Robert Ferry Jr., MD, is a U.S. board-certified Pediatric Endocrinologist. After taking his baccalaureate degree from Yale College, receiving his doctoral degree and residency training in pediatrics at University of Texas Health Science Center at San Antonio (UTHSCSA), he completed fellowship training in pediatric endocrinology at The Children's Hospital of Philadelphia.
Melissa Conrad Stöppler, MD, is a U.S. board-certified Anatomic Pathologist with subspecialty training in the fields of Experimental and Molecular Pathology. Dr. Stöppler's educational background includes a BA with Highest Distinction from the University of Virginia and an MD from the University of North Carolina. She completed residency training in Anatomic Pathology at Georgetown University followed by subspecialty fellowship training in molecular diagnostics and experimental pathology.
Any patient who regularly consumes more calories than needed will gain weight. If this is not reversed, the patient will become obese over time. Consumption of just 100 kilocalories (the equivalent of 8 ounces of soft drink) above daily requirements will typically result in a 10-pound weight gain over one year. Many different factors contribute to this imbalance between calorie intake and consumption.
Obesity tends to run in families.
A child with an obese parent, brother, or sister is more likely to become obese.
Genetics alone does not cause obesity. Obesity will occur when a child eats more calories than he or she uses.
The dietary habits of children and teenagers have shifted away from healthy foods (such as fruits, vegetables, and whole grains) to a much greater reliance on fast food, processed snack foods, and sugary drinks.
These foods tend to be high in fat and/or calories and low in many other nutrients.
Several patterns are associated with obesity. Unhealthy habits include eating when not hungry, eating while watching TV or doing homework, or drinking sodas during sedentary activities (like at the movies or watching TV).
Families with low incomes or nonworking parents are more likely to eat excessive calories for activity level.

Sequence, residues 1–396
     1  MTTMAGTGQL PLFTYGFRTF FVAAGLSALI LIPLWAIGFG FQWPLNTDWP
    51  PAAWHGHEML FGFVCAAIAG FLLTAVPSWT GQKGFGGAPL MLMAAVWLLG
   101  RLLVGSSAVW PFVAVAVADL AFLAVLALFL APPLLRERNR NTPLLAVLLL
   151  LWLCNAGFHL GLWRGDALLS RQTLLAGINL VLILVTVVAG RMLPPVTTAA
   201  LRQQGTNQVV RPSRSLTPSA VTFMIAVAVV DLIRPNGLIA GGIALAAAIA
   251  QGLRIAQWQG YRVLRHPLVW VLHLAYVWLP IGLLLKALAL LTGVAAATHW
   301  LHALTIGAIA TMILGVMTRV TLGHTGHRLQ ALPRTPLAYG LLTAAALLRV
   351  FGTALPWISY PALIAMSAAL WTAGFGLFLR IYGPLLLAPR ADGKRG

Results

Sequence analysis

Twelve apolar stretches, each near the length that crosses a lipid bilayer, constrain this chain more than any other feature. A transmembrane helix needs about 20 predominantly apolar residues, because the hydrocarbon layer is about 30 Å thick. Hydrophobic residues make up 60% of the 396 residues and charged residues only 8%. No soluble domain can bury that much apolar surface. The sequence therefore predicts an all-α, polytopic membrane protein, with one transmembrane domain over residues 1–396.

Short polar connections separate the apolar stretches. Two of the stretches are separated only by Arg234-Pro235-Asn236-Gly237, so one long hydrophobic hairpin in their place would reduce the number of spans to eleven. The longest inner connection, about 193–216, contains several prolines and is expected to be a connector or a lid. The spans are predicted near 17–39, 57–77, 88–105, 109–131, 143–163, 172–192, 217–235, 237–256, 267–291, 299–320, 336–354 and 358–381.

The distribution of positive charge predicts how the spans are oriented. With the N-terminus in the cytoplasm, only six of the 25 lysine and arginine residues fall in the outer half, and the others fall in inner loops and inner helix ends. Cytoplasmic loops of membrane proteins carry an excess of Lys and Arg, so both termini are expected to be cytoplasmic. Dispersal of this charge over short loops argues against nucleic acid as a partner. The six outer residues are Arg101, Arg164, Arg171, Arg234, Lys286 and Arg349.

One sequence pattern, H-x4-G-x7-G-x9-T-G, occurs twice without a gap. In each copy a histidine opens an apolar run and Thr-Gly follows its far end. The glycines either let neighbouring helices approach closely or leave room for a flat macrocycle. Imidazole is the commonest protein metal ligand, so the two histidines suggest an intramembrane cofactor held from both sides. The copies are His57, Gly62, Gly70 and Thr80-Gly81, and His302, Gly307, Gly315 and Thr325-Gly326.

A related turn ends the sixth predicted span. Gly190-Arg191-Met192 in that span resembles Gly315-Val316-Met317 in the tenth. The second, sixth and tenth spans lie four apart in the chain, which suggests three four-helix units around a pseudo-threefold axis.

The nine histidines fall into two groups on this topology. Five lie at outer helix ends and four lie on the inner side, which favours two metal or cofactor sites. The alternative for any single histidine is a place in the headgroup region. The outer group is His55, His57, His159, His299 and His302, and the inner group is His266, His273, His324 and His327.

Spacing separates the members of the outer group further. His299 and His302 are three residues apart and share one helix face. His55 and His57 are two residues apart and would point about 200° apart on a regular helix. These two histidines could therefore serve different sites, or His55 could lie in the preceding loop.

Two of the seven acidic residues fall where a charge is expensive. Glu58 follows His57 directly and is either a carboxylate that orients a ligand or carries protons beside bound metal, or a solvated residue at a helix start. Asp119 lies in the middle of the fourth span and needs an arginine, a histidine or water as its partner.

The popularity of television, computers, and video games has translated into an increasingly sedentary (inactive) lifestyle for many children and teenagers in developed countries like the U.S.
Children and teenagers in the United States spend, on average, over three hours daily watching television. Not only does this form of recreation use little energy (calories), it also encourages snacking and sipping.
Fewer than half of children in the United States have a parent who engages in regular physical exercise.
Only one-third of children in the United States have daily physical education at school.
Parents' busy schedules and even fears about public safety prevent many children and teenagers from taking part in sports, dance, or other activity programs after school. Moreover, some schools close their campuses to students and their families after hours due to potential liability risks.
Although specific medical conditions can cause pediatric obesity, these are very rare. They include hormone or other chemical imbalances and inherited disorders of metabolism. Children who exhibit normal linear growth typically do not have these conditions associated with pediatric obesity.
Certain medications can cause weight gain by altering how the body processes food or stores fat.